Rome is a city full of little things to love, be it the copious gelato, swarms of Vespas, or unparalleled espressos. On a recent trip there, we found a new little thing to love about Rome: It's tiny dogs!
Okay, perhaps not real dogs, but tiny all the same. Artist Annabel June, based in Rome, has a big love of pets that she channels into little, adorable, handmade likenesses.
Annabel June and her dog Noah
We came home with handmade miniatures
of some of our beloved School For The Dogs
members, and now we are offering them in our
School For The Dogs members can receive two for the price of one, with one of them put on display in our East Village studio.
Some of School For The Dogs members, as sculpted by Annabel June.
We asked Annabel June to tell us a little about her unusual occupation:
What inspired you to start making these tiny sculpted portraits?
I have always liked making little things with Fimo -- a kind of German polymer clay. One day I had the idea of making one of dog, so I tried it and then uploaded the picture of it on Instagram. After that, a lot of people asked me if I could do one of their dogs...It all started there!
What is the material/process like of making one?
It takes me around three hours to make one dog, usually using photos as reference. I like having photos from lots of different angles. After its sculpted, I cook them to harder them, and then use a bit of paint to brighten the eyes, nose and tongue.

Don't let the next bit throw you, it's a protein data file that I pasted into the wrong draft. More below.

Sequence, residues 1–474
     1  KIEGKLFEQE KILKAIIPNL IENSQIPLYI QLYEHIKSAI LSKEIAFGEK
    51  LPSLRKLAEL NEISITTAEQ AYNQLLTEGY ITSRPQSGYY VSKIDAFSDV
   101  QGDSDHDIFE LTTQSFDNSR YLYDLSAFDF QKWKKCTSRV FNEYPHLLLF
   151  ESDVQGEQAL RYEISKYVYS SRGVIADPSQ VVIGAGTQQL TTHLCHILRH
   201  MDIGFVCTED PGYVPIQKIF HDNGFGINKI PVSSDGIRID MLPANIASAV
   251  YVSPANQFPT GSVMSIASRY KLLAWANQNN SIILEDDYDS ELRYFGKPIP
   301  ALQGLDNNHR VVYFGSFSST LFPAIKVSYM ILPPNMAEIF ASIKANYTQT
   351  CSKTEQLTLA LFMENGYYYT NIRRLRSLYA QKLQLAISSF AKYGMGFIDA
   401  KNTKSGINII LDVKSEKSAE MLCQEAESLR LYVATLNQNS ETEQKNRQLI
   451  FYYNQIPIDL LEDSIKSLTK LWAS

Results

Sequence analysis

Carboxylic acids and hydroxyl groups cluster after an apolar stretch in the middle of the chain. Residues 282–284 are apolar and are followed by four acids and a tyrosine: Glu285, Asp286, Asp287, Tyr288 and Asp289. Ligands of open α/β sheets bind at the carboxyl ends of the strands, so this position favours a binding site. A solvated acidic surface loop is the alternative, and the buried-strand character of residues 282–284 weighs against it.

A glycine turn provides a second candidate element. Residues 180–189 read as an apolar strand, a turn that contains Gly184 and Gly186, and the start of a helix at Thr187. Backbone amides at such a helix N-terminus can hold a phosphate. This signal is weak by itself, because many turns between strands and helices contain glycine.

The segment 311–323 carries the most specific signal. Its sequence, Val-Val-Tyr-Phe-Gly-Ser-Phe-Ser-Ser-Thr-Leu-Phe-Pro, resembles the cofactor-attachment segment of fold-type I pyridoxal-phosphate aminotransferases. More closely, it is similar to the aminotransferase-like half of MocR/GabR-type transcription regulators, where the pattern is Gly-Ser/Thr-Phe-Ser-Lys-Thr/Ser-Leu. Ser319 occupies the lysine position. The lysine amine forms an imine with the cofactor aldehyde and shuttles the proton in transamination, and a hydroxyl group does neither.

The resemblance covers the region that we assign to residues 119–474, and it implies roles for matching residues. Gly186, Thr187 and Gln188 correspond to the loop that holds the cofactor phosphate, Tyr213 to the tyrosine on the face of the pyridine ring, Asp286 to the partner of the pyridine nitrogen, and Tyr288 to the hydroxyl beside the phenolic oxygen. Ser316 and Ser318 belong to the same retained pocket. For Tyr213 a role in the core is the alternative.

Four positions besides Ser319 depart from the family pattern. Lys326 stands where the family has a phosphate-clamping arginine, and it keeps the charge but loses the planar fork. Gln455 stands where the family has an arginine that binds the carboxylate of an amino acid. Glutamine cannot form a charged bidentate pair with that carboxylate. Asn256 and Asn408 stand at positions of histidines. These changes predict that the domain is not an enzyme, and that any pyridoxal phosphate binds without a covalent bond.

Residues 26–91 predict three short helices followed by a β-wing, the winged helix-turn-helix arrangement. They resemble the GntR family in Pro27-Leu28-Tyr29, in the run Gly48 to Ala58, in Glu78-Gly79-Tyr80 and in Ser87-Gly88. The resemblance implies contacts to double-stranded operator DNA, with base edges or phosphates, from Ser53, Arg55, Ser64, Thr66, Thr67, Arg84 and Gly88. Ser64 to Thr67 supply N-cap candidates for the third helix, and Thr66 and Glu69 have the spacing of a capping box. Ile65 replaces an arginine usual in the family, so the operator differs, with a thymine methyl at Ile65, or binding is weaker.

So your dog was your initial inspiration. Tell us about him!
His name is Noah, abd he is three-year-old red-nose pitbull-type dig. He has chronic gastrointestinal issues and social anxiety with other dogs, both things we are trying to help him live with as best we can. He is my love and I can't really imagine a world without him.
As someone who has a much-loved dog, and who spends so much time studying them in order to create these tiny replicas, I'm sure you've learned a lot about the canine-human bond.
Well, one thing I've learned is that a dog isn't human-- a lot of times they need and prefer different things. It may seem a simple thing to say "they're not human," but when you watch how some people talk to their dog and interact, it often looks like people forget that. You need to learn how your dog express his emotions so you can help him live a less stressful life and be more happy and relaxed. I've learned that when a dog is aggressive, it is really insecurity more than anything else. He may be frightened or simply doesn't know the right way to communicate with other dogs. But there is one thing that I think they do have in common with people: they are usually most happy and most relaxed when they are with people and dogs they love!